The Coast News Group
Gregg Weaver and Bruce Logan
Skateboarding kings Gregg Weaver, left, and Bruce Logan celebrate Bruce's reign at his 70th birthday party. Photo by Chris Ahrens

Waterspot: My friend, the King

By the mid-1970s, the Logan family was known as “the First Family of Skateboarding.” They owned one of the largest skateboard companies, Logan Earth Ski and, headed by Bruce, won the most significant titles, including two world titles, at the time.

Following Bruce were his gifted brothers Brian and Brad and their only sister, Robin. Their mother, Barbara, held the company together and their skateboards were everywhere. Their team included riders like Torger Johnson, Laura Thornhill and Tony Alva.

Gregg Weaver somehow resisted the pull of Team Logan and signed with Hobie, along with North County’s Kim Cespedes. Ironically, Weaver won a Hobie Skateboard at an event I sponsored, without permission, at San Dieguito High School in the mid-’70s.

I never did ask Gregg where he got his fluid, precocious skate style, but while many of his contemporaries were into excessive arm-waving movements, he was as polished as Hawaiian-born surfing legend Gerry Lopez (who may have been Gregg’s primary inspiration) on a skateboard.

Gregg would go on to be known as “The Cadillac Kid” after he began riding some of the first-ever urethane wheels under the Cadillac Wheels label.

Bruce, however, still ruled the world of wooden boards on wheels with his 40-mile-per hour nose wheelie that he often accomplished without pads or helmet at La Costa’s legendary “Black Hill.”

Skateboarding quickly peaked and just as quickly fell out of fashion. The skate magazines folded. There were no more skateboarding films, the parks were bulldozed, and Logan Earth Ski, along with other major manufacturers, went out of business.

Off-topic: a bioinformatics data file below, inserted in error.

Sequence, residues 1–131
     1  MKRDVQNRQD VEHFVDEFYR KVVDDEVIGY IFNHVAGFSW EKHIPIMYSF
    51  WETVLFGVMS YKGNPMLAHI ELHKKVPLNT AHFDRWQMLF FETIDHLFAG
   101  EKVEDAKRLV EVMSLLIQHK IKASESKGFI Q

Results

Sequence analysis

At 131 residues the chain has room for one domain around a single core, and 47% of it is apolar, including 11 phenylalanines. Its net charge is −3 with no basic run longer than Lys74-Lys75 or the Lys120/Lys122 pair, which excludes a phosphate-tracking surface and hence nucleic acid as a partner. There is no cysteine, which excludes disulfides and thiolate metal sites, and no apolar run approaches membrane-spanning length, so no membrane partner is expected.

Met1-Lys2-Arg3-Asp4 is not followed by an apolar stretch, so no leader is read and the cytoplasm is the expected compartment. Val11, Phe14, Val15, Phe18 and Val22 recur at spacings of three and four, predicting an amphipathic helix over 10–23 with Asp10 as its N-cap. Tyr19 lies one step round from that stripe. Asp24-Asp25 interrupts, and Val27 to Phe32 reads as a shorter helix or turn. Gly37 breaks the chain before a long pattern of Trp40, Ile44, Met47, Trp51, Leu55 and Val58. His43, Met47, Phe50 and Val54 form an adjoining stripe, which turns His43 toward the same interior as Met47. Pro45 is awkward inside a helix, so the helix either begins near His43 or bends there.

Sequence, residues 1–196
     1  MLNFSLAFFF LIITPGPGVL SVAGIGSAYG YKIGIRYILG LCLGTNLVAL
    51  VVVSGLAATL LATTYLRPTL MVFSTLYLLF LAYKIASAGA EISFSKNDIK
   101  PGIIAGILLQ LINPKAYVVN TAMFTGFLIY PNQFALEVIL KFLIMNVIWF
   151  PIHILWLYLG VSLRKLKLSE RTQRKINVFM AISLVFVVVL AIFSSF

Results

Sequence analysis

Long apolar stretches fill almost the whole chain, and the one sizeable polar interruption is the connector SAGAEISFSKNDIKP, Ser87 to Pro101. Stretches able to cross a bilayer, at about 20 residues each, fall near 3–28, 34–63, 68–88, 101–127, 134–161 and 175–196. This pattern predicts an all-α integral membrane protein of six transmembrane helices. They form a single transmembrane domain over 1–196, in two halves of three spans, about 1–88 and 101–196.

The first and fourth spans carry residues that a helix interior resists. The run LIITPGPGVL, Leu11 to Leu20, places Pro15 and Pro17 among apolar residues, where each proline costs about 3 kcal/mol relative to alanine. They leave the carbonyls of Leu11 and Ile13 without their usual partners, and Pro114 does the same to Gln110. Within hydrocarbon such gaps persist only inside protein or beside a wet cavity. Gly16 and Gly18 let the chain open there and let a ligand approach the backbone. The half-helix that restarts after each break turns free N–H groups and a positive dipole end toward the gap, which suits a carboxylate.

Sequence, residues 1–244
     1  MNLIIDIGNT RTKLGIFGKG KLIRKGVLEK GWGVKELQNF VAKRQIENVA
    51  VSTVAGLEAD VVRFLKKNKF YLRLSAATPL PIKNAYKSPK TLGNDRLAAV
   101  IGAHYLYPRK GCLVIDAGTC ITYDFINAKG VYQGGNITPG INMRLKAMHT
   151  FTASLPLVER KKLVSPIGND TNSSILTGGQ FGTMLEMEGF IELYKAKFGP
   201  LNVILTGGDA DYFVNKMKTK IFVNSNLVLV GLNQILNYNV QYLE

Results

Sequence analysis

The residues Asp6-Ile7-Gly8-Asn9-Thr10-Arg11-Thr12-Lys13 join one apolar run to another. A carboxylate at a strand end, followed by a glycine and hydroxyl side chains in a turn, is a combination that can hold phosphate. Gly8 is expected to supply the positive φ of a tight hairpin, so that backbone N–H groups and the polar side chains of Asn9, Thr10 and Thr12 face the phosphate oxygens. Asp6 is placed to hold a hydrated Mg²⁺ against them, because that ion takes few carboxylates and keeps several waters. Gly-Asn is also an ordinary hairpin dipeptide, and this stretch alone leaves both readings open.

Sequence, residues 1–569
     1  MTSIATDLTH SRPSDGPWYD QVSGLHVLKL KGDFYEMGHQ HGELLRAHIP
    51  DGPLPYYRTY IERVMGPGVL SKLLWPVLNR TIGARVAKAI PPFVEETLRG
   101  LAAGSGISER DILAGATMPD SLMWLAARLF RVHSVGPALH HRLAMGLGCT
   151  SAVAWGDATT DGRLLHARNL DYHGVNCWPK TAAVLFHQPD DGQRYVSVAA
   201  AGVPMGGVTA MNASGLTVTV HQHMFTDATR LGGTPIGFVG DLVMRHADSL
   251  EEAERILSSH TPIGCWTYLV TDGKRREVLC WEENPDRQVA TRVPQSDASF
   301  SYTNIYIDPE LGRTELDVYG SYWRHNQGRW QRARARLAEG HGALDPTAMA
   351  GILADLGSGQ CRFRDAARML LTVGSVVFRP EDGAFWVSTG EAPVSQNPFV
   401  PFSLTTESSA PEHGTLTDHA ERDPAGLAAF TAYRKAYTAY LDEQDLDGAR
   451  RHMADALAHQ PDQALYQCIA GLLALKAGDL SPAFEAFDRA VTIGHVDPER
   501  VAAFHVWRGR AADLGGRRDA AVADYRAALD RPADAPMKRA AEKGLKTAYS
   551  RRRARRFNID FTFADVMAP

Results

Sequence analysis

That all occurred nearly 50 years ago, but the old-school skaters have never forgotten it and on Sunday, June 13th they gathered to celebrate Bruce’s 70th birthday, an event that roared to a climax when Weaver showed up with a crown for the champ.

On hand were many of the legends of the sport: TransWorld founder Larry Balma, photo ace, “Free” Lance Smith, famed skater Cindy Berryman, Gordon & Smith Skateboards standouts Steve Cathy and 1977 World Freestyle Champion, Dennis Martinez, speed skater, John Hughes the aforementioned Kim Cespedes and the entire Logan tribe.

While most of the stories were PG, there were some unprintable moments that brought howls from those on hand.  Tales of getting the “high-speed wobbles” while bombing the Black Hill, breaking in the Carlsbad Skate Park, and the brilliance of the first king of the sport, Bruce Logan were told and retold. We had collectively survived the scraped knees, broken bones and sometimes excessive lifestyle of the ‘70s. Now, whatever vices we had, were focused on food as we stuffed ourselves with burgers, hotdogs and, of course, VG’s cake.

If you’re under 40 years old and are now or once were a skateboarder, please take a moment to acknowledge those who came before you. Without Larry, Lance, Brian, Brad, Robin, Steve, Dennis, Cindy, John, Kim and especially Bruce, you would probably be limited to skating Mission Bay on rollerblades. Thanks for the fun you brought into the world. Long Live the King!